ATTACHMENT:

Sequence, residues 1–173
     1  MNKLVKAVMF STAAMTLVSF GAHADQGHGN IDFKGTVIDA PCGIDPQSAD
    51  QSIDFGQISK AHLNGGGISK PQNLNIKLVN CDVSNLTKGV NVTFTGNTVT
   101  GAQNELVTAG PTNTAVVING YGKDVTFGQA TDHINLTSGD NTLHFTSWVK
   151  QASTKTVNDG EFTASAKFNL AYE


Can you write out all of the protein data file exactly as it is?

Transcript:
Sequence, residues 1–173
     1  MNKLVKAVMF STAAMTLVSF GAHADQGHGN IDFKGTVIDA PCGIDPQSAD
    51  QSIDFGQISK AHLNGGGISK PQNLNIKLVN CDVSNLTKGV NVTFTGNTVT
   101  GAQNELVTAG PTNTAVVING YGKDVTFGQA TDHINLTSGD NTLHFTSWVK
   151  QASTKTVNDG EFTASAKFNL AYE